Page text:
Editorial: Rich man, poor man

Posted: September 06, 2010

As the nation marks Labor Day, the plight of middle-class families demands greater attention.

The recession that began in December 2007 has not eased its grip on the average worker. Unemployment in Pennsylvania in July was 9.3 percent; it was 9.7 percent in New Jersey.

And too many of the fortunate workers who still have jobs are falling behind because of stagnant wages, lost home values, and dwindling savings.

The Keystone Research Council, a nonprofit group in Harrisburg, found that median household income in Pennsylvania fell $2,400 in the first seven years of this decade, even before the worst of the recession took hold.

Meanwhile, fat cats grow fatter. The CEOs of the 50 companies that laid off the most workers during the recession enjoyed salaries 42 percent higher than the pay of other corporate chiefs, one study found.

Former Schering Plough chief Fred Hassan led the list of shame, receiving $49.65 million in compensation in 2009. After his company's merger with Merck, 16,000 employees were laid off.

Johnson & Johnson's William Weldon was paid $25.57 million while the firm laid off 8,900 workers. Verizon CEO Ivan Seidenberg took home nearly $17.5 million while laying off 21,300 employees.

Nice work if you can get it.

Compare those shocking salaries with the median wage for workers of $44,770 - for men, that is. Female workers still earn less, a median wage of about $36,600. Over her lifetime, a female college graduate will earn an average of $1.2 million less than her male peers.

Aside from the perennial gender gap, it's clear overall income inequality is growing. Corporate leaders know it, too, which is one reason so many are resisting a new law that requires companies to disclose the ratio between CEO compensation and the average worker's pay.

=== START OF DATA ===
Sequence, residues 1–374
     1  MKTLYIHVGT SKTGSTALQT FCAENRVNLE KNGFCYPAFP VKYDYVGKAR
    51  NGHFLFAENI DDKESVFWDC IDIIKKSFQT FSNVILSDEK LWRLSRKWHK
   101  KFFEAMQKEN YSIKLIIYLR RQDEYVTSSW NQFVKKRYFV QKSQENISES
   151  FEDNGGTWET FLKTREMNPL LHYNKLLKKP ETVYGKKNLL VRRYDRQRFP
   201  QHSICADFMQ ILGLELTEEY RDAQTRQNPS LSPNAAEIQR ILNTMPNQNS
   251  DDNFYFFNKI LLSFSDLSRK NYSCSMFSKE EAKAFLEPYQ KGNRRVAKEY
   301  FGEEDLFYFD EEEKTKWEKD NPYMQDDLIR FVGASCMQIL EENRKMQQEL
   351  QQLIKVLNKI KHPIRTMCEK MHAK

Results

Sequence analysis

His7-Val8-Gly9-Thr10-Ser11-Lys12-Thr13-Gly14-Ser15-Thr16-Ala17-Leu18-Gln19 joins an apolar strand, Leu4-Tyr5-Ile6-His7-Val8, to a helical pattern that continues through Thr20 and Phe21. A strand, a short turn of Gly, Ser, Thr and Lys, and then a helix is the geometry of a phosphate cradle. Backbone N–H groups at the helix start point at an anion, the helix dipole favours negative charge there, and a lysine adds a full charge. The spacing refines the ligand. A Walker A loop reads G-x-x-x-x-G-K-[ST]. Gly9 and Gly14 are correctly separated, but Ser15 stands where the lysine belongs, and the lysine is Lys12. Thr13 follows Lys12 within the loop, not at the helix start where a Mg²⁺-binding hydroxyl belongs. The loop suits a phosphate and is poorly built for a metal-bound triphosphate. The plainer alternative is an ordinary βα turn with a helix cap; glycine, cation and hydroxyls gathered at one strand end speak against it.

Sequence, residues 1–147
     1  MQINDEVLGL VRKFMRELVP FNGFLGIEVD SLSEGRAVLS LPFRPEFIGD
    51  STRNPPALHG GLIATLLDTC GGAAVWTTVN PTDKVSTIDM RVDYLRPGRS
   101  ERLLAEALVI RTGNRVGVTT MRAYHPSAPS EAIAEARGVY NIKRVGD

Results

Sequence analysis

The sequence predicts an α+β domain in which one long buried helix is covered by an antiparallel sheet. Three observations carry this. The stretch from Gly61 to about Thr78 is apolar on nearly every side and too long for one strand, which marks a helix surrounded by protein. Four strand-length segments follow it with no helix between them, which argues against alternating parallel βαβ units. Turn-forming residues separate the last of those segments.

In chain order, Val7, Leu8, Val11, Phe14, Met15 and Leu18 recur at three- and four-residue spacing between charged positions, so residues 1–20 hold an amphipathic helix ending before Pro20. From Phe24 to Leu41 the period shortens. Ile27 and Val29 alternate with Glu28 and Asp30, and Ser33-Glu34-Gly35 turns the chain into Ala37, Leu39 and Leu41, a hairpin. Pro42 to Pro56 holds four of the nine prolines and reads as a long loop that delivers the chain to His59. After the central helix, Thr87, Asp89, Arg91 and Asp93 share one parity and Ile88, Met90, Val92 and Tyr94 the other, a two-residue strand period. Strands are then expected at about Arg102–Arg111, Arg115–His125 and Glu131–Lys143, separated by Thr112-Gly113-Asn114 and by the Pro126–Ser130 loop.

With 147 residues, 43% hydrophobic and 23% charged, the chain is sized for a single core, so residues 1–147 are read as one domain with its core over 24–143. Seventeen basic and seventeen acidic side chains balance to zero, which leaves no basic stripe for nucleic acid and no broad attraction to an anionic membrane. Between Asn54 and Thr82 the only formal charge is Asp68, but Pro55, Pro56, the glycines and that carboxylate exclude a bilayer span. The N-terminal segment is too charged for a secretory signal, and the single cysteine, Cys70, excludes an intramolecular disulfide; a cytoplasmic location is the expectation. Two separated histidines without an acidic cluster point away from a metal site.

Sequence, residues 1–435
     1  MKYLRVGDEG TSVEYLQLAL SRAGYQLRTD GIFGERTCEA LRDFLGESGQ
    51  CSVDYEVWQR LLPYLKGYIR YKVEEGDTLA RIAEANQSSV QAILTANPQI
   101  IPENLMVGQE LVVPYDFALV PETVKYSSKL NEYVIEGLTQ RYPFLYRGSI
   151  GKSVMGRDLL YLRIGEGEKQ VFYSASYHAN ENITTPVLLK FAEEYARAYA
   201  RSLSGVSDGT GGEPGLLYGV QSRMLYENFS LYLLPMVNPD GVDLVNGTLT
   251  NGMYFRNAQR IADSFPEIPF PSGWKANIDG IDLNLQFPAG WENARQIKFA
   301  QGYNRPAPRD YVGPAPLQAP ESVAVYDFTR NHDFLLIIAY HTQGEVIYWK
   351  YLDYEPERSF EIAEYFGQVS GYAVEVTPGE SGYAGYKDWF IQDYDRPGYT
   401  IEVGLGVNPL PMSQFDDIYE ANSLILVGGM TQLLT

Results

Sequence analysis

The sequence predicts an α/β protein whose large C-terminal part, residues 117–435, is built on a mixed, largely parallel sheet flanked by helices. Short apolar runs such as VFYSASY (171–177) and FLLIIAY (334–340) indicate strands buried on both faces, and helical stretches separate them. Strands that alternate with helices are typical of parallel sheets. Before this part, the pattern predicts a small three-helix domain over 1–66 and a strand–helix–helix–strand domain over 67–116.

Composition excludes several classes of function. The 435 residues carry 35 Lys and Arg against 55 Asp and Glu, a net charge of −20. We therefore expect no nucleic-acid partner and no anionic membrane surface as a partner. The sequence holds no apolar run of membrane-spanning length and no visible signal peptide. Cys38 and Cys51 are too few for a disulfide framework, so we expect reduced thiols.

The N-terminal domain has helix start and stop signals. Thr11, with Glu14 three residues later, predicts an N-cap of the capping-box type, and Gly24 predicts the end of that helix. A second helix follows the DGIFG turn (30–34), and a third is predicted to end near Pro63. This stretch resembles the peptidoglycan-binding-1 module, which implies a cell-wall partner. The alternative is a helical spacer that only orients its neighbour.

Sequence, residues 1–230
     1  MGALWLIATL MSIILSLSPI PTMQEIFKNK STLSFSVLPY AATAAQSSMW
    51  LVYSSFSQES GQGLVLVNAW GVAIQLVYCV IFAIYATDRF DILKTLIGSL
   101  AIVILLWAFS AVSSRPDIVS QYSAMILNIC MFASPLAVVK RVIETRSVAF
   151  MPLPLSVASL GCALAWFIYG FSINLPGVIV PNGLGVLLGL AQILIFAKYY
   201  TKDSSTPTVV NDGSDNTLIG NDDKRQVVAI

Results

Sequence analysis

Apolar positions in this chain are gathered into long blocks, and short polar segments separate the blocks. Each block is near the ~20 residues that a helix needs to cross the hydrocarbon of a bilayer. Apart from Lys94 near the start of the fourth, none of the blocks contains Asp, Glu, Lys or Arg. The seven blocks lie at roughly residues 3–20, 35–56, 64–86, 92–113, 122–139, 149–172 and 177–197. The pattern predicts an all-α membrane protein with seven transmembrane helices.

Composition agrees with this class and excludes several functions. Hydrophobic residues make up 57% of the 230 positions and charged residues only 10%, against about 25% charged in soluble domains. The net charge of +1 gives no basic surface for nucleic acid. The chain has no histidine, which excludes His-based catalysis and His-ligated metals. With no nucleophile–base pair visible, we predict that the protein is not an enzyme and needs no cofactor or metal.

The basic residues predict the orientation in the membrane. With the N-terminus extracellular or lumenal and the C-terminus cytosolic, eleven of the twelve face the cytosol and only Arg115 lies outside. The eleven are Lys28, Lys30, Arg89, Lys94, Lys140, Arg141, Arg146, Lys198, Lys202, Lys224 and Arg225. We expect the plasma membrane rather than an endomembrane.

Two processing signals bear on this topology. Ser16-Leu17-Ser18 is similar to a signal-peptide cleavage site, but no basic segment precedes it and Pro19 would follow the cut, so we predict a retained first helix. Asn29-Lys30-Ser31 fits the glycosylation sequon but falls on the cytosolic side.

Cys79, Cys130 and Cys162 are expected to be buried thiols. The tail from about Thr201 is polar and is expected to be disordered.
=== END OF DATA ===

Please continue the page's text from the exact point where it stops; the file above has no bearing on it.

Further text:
The KRC study found that, if a typical worker's pay had risen equally with the rate of top wage earners since 1979, middle-class families would be earning between $5,600 and $7,500 more per year in today's market.

While middle-class wages have stayed flat, families are paying more out of pocket for their health care, too. The Kaiser Family Foundation said family health premiums have risen 3 percent this year, but workers are paying 14 percent more on average as employers shift more of the cost to employees. That means the average family is paying $482 more this year for health care.

These factors and others, including higher taxes, are causing more families to raid their retirement savings early. Fidelity Investments, for example, has reported a sharp increase this year in the number of people tapping their 401(k) accounts for "hardship" withdrawals. They're doing it to prevent their homes from being foreclosed, or to pay for their children's' college education.

The Great Recession is almost three years old, but it could take many years before many workers get back on their feet.

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